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Fungal Diversity

Fungal pathogens of the invasive riparian weed Hedychium coronarium from Brazil and their potential for biological control

Soares, D.J.1 and Barreto, R.W.1* 1

Departamento de Fitopatologia, Universidade Federal de Viçosa, 36571-000, Viçosa, M.G., Brasil

Soares, D.J. and Barreto, R.W. (2008). Fungal pathogens of the invasive riparian weed Hedychium coronarium from Brazil and their potential for biological control. Fungal Diversity 28: 85-96. This paper gives an account about fungi collected during a survey in southern Brazil for pathogens of the riparian weed, Hedychium coronarium. This is a pantropical weed of the family Zingiberaceae which is exotic and aggressively invades wet ecosystems in Brazil. The surveys were conducted between July of 2004 and March of 2006 and resulted in a list of seven fungi. Gonatophragmium mori, Leptosphaeria sp., Mycosphaerella hedychii, Pseudocercospora hedychii and Veronaea hedychii sp. nov. appear to be pathogenic to H. coronarium and are fully described. Curvularia lunata var. aeria and Chalara aurea are considered to be of dubious pathogenic status and are only listed with minor comments. No previous surveys of pathogens of H. coronarium have been made in the native habitat (Himalayas) or in exotic situations. Such results are of importance for classical biological control. Superfluous introductions of fungal species as biocontrol agents can now be avoided in case they later appear in surveys in the centre of origin as they are clearly ineffective in controlling this weed in Brazil. Key words: anamorphic fungi, ascomycetes, biological invasion, cercosporoid fungi, classical biocontrol, fungal survey, white ginger. Article Information Received 27 March 2007 Accepted 23 July 2007 Published online 31 January 2008 * Corresponding author: R.W. Barreto; e-mail: [email protected]

Introduction Hedychium coronarium J. Koenig (white ginger; Brazilian name – lírio do brejo, Zingiberaceae) is exotic to Brazil where it is a highly noxious invasive weed of wet habitats. The Himalayas are the probable centre of origin, although Madagascar is also mentioned as a possible centre of origin (Kissmann, 1997; Mabberley, 2002). It was possibly introduced to Brazil via ships carrying slaves from Africa (Ziller, 2000). This plant is widely dispersed in the littoral plains, and has become an aggressive invader in wetlands and in the understory of the Atlantic rain forest, mainly in the states of São Paulo, Paraná and Minas Gerais. In Minas Gerais this plant is a serious invader in the ‘Estação Ecológica do Tripuí’, a natural reserve created in 1978 to protect the habitat of the rare and evolutionary interesting invertebrate, Peripatus acacioi Marcus &

Marcus (Onychophora). This animal has been dislodged from the lower plain areas where this weed occurs (Pedralli et al., 1997; Santos, 2004). The only native genus of Zingiberaceae in Brazil is Renealmia L.f. which is restricted to the Amazon basin (Souza and Lorenzi, 2005). According to Strauss et al. (2006) exotic plants distantly related to natives must be considered as potentially noxious invaders. This is the case of Hedychium coronarium in Brazil. Despite the lack of more detailed studies, the noxious effects of this plant can easily be observed (Pedralli and Meyer, 1996; Macedo, 1997; Santos et al., 2005). Recently, observations in protected areas in the states of Minas Gerais, Paraná and São Paulo confirm this statement. The invasion of other species of Hedychium (viz. H. gardnerianum Ker-Gawl) in the native forests of Hawaii, La Reunion and New Zealand is well documented (MacDonald 85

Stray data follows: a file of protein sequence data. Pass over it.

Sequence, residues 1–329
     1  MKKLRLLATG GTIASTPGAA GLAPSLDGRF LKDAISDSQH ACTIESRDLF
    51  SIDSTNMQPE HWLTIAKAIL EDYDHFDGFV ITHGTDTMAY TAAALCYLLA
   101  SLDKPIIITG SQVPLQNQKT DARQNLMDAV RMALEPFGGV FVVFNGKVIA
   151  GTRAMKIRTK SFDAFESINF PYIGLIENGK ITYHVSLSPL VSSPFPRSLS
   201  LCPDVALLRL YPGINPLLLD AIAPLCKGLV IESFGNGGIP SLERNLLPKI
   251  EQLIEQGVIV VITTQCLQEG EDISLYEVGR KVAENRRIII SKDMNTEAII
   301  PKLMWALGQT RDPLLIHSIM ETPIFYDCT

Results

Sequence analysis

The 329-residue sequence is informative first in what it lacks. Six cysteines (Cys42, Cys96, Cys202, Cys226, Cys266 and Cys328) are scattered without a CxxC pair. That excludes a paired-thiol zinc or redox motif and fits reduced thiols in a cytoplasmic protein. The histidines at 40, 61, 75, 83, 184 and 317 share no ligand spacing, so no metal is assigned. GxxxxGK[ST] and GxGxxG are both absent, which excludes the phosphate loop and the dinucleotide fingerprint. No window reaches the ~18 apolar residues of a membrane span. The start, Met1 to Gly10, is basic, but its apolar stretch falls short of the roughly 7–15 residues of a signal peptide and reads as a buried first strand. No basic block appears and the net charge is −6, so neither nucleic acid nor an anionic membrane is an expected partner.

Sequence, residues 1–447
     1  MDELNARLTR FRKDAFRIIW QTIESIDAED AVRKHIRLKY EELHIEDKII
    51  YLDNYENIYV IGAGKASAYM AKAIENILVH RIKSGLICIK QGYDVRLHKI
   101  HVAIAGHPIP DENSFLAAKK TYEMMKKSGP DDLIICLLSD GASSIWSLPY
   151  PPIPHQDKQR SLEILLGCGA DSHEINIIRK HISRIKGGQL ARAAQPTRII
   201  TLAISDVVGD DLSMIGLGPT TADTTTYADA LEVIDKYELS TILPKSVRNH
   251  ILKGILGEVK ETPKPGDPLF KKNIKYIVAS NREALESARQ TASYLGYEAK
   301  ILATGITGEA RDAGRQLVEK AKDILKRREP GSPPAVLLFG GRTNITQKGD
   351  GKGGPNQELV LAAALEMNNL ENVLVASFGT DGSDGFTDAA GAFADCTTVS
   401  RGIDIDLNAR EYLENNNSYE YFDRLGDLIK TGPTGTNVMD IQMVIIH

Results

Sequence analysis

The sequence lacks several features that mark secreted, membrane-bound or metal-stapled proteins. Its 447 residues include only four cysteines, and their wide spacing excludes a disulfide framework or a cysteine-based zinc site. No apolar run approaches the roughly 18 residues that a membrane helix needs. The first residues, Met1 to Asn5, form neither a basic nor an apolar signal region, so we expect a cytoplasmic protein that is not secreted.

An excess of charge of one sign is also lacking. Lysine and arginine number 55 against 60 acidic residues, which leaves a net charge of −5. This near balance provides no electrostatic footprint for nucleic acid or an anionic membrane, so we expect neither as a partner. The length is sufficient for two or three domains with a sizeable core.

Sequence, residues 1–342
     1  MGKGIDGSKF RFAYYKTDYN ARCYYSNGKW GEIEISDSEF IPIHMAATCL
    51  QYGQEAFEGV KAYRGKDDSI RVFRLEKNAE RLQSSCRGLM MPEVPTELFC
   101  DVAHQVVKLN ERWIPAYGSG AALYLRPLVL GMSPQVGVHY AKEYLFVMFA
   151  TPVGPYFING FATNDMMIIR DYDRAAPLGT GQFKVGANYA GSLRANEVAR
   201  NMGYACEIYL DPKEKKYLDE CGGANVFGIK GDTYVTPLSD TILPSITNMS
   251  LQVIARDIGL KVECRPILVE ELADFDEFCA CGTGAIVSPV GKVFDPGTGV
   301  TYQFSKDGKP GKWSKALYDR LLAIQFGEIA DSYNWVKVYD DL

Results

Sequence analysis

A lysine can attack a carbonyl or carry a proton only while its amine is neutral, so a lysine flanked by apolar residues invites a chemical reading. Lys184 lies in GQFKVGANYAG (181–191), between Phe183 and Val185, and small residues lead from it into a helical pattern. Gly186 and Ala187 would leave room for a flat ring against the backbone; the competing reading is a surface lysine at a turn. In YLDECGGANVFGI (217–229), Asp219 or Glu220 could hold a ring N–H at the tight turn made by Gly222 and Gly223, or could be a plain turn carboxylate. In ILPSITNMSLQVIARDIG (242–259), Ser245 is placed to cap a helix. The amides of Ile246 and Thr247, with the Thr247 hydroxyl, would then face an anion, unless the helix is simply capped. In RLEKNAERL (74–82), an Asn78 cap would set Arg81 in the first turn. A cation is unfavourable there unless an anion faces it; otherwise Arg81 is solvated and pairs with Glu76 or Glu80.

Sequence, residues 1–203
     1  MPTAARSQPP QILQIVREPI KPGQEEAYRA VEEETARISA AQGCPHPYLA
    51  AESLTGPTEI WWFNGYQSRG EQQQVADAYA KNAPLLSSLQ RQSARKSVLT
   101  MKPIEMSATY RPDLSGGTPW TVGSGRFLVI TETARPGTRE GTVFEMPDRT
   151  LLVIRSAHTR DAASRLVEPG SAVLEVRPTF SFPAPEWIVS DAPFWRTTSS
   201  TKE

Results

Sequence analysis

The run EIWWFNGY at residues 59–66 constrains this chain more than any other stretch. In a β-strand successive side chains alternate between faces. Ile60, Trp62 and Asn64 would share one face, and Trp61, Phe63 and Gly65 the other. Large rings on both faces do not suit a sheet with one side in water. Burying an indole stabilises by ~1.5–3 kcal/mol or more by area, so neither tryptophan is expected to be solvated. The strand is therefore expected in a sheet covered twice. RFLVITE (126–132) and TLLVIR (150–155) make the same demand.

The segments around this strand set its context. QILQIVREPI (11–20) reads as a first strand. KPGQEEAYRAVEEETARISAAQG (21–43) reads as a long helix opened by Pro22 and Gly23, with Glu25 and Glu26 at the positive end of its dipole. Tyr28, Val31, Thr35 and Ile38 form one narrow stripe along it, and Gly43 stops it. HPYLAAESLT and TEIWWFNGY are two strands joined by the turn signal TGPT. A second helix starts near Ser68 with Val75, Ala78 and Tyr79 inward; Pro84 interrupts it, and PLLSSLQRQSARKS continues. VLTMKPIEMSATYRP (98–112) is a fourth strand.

et al., 1991; Williams et al., 2003; Loope et al., 2004; Asner and Vitousek, 2005). Information on the invasive status of H. coronarium is less well documented but this species is also widespread and noted as invasive throughout the tropics including Brazil (Santos, 2004) and particularly in island ecosystems (PIER, 2006). The chemical and mechanical control of this plant in Brazil, as well as elsewhere, is not viable because its rhizomes are highly resistant and difficult to remove. The plant is also widespread and usually occurs in wetlands and along water courses where the use of herbicides is impractical and illegal. The only viable strategy that might be applicable to control Hedychium spp. invasions is biological control (Santos et al., 1998; Harris et al., 1999). Ellison and Barreto (2004) have mentioned the possibility of using fungi as biological control agents against H. coronarium. Anderson and Gardner (1999) and Anderson (2003) gave an account of the potential use of Ralstonia solanacearum to control H. gardnerianum. However, according to these authors the strain of R. solanacearum used against H. gardnerianum does not have potential to be used against H. coronarium. More than 20 fungi have been recorded on H. coronarium worldwide (Bussaban et al., 2002; Farr et al., 2007), but there are no records from Brazil. The knowledge of the mycota on this plant in Brazil is of great relevance for biological control. If classical introductions of fungi from the centre of origin are considered in the future, this information would be of critical importance to allow avoiding superfluous introduction of fungi that are already present in Brazil without producing any significant impact on white ginger populations. This paper presents the results of the survey of fungal pathogens on H. coronarium in Brazil. Materials and methods The collecting procedure adopted during the survey was as described in Barreto (1991). The collecting trips occurred between July 2004 and February 2006. Information on some ad hoc collections that were made before the main survey work is also included. The survey covered a wide geographic area of central and 86